Saratoga Springs

Saratoga Springs removes Tiz the Law signs from intersection

Resident's creation illegal, city says
The sign last week
PHOTOGRAPHER:
The sign last week

Categories: News, Saratoga County

Saratoga Springs — City resident Bob Giordano remembers the smiles from people as they came by his home to see his creation: Four signs dedicated to the Belmont Stakes-winning horse Tiz the Law.

The signs were placed right below the stop signs at the intersection of Nelson and York — he says they gave residents a good laugh.

“In this low-energy period of lockdowns, masks, not socializing, people would come — one, two at a time if they were partners — and have their pictures taken in front of the signs,” Giordano said. “And you don’t know how great that made me feel. That’s the impact it has had. What will be the future impact? Well, I’m not sure.”

On Monday, when the 75-year-old racing lover woke at 4:30 a.m. to watch the horses as he usually does, he realized his signs were no longer there. After calling the police to report a theft in the neighborhood, he found out that the city took down the signs. This came as a surprise to Giordano, who said he mistook acknowledgement from the city’s Department of Public Works as approval from the city. He also figured, since he saw similar signs during Funny Cide’s hay day around 2003, and because he didn’t bolt his signs to the stop sign, he would be adhering to guidelines.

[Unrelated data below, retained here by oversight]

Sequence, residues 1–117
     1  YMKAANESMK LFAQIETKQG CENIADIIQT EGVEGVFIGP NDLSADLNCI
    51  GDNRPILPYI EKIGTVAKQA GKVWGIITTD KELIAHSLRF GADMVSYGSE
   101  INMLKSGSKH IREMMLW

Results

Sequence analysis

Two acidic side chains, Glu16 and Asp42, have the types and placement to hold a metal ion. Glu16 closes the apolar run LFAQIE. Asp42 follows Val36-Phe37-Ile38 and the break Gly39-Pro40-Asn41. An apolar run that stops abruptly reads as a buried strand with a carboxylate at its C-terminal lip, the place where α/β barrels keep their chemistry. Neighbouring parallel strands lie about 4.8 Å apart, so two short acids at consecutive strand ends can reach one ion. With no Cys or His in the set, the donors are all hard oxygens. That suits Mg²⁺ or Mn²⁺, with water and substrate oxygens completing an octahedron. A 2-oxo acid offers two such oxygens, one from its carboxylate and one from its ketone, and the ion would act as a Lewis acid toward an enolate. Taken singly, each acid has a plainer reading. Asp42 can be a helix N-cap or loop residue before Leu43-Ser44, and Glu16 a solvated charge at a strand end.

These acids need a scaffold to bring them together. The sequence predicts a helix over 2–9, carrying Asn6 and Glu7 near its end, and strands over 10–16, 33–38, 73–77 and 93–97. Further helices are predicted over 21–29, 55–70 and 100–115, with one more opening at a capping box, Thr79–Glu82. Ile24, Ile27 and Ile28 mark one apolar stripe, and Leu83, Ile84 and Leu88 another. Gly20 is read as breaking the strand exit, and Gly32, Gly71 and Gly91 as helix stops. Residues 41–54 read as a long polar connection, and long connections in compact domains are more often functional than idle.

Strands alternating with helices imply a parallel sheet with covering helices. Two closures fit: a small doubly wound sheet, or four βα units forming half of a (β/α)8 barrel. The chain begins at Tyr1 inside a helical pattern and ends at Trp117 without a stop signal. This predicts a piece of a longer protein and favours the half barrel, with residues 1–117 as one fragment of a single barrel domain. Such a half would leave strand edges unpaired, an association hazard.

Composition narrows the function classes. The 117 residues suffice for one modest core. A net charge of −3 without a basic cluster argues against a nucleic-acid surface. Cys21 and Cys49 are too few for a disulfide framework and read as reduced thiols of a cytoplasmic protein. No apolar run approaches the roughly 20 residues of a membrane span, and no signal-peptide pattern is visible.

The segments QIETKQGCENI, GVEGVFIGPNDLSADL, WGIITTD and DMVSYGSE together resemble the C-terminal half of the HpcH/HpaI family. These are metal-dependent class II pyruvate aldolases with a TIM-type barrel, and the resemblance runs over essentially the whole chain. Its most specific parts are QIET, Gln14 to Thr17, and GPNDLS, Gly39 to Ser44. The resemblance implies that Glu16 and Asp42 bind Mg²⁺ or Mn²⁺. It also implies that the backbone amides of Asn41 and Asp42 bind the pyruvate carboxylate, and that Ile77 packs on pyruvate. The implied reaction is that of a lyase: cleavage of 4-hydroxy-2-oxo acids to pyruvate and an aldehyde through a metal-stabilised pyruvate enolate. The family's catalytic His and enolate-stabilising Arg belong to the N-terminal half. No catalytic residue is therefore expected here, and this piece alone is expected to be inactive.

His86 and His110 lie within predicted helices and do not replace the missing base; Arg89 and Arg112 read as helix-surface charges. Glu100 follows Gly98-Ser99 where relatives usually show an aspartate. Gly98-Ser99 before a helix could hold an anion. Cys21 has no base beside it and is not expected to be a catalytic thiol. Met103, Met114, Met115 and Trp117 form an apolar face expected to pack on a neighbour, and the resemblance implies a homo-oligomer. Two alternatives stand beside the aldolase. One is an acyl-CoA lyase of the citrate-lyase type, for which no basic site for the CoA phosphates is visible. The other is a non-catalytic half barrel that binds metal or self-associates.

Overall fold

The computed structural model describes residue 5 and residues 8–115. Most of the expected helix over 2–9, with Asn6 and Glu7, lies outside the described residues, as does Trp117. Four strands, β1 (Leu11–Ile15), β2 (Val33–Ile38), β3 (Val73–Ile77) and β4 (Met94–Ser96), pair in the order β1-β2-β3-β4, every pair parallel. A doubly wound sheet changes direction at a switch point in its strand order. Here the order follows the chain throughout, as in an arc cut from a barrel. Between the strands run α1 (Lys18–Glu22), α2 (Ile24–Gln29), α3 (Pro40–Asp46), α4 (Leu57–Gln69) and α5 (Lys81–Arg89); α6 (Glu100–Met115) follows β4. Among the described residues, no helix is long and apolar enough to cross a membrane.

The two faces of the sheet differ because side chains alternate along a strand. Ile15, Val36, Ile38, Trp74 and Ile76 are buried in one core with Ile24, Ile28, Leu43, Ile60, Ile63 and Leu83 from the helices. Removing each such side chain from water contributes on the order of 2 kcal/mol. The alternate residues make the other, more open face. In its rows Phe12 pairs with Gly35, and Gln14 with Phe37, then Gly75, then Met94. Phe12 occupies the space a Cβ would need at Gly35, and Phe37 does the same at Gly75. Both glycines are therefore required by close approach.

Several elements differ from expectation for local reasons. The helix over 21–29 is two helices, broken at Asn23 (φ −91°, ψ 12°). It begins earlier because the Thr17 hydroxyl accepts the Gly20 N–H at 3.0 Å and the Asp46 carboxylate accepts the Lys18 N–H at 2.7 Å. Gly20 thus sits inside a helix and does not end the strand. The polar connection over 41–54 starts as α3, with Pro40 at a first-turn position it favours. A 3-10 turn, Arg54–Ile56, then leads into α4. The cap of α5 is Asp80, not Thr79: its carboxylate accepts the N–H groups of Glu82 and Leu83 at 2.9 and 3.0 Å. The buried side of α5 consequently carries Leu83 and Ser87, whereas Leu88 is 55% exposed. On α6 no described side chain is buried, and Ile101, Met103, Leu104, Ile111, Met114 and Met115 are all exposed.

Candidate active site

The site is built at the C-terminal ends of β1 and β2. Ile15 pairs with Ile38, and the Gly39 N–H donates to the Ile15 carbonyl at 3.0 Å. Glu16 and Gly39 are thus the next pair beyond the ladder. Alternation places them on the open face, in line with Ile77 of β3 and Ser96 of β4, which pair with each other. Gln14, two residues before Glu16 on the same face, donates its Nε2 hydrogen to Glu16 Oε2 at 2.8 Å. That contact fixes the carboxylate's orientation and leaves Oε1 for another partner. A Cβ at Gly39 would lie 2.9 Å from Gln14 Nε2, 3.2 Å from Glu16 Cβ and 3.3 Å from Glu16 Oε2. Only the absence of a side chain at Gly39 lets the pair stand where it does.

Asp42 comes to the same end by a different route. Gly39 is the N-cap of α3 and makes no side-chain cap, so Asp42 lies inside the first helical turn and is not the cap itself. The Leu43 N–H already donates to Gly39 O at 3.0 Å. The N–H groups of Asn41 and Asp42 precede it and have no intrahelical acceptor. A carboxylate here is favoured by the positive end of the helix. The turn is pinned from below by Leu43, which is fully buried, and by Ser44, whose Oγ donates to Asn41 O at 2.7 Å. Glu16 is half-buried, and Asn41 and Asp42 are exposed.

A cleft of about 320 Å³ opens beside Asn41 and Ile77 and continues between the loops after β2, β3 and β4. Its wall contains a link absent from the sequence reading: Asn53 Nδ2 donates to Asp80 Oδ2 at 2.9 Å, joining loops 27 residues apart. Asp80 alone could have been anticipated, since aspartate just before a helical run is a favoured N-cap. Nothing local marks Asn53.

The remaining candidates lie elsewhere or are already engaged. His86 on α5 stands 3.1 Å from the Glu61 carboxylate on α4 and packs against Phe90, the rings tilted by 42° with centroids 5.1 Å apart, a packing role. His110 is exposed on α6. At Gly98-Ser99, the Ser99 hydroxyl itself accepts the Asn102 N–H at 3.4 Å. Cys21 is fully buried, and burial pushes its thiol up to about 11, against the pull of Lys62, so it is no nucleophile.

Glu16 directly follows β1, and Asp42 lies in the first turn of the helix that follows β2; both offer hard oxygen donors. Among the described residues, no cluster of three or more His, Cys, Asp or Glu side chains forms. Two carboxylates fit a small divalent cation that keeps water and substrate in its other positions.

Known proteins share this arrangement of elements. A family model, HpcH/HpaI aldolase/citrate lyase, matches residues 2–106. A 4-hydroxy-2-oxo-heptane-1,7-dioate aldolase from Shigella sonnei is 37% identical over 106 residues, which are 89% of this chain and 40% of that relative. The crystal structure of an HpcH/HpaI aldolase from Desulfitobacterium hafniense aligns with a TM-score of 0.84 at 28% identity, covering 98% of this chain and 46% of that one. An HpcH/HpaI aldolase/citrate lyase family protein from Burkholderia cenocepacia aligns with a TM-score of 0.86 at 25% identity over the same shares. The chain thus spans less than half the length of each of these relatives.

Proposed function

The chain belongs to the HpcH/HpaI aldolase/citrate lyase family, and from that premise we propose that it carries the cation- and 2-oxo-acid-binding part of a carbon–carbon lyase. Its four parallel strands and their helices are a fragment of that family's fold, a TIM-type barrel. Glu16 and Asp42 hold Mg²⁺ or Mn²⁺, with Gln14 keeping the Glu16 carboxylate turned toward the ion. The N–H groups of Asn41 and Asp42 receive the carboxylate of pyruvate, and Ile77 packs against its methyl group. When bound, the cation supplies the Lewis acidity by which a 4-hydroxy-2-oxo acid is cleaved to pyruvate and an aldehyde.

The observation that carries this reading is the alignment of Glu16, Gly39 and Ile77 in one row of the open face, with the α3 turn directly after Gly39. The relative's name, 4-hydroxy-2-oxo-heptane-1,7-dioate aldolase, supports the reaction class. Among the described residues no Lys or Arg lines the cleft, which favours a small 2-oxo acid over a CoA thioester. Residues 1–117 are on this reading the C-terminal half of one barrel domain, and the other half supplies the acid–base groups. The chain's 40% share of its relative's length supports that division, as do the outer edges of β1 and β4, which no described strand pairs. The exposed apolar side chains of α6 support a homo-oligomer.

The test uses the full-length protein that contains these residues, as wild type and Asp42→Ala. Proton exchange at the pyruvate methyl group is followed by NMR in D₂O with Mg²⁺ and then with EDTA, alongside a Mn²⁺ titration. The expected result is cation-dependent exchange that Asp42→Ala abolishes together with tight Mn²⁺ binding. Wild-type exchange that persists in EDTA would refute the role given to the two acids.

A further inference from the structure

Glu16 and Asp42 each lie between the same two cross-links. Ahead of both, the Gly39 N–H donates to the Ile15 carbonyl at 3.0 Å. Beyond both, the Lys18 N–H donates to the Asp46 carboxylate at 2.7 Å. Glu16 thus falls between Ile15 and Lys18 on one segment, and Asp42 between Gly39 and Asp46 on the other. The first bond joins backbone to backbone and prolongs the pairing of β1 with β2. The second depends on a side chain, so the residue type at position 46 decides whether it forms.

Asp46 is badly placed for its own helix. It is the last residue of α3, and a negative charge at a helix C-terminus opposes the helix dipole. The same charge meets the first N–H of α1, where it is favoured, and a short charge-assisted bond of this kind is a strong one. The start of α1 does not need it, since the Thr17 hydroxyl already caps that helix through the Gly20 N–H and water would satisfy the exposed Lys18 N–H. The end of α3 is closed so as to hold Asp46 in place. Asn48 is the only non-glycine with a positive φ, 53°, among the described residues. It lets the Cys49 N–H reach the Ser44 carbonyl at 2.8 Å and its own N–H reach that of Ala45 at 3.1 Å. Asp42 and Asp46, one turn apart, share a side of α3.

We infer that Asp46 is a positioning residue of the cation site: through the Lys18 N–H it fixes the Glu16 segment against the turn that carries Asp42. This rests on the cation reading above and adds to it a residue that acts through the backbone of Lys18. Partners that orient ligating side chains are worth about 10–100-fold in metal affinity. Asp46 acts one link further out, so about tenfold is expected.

But Commissioner of Public Safety Robin Dalton has since told the Times Union that the placement of the signs at the intersection was illegal.

“It’s cute and of course we want to celebrate the local horse,” Dalton told the TU. “But you can’t affix anything to traffic signs or in the right of way. We cannot make exceptions.”

Giordano said that he and Dalton are now planning to discuss “compromise” and possible ways to keep his vision for the signs alive.

But his initial vision has since exploded in the community. Saratoga’s Broadway and Fastsigns of Saratoga Springs — where he initially created the four signs for $25 a piece — are now selling the signs with half of the proceeds going toward the Belmont Child Care Association.

In response to a Facebook user Tuesday, the store wrote that while “the town isn’t allowing them on the stop signs around town at the moment,” there’s another Tiz the Law sign option available for fans. 

Now, Giordano plans to donate one of the original signs — along with its stake — to a later BCCA auction. For him, regardless of what happens with the signs, he’s making sure his community knows that “working together works.”

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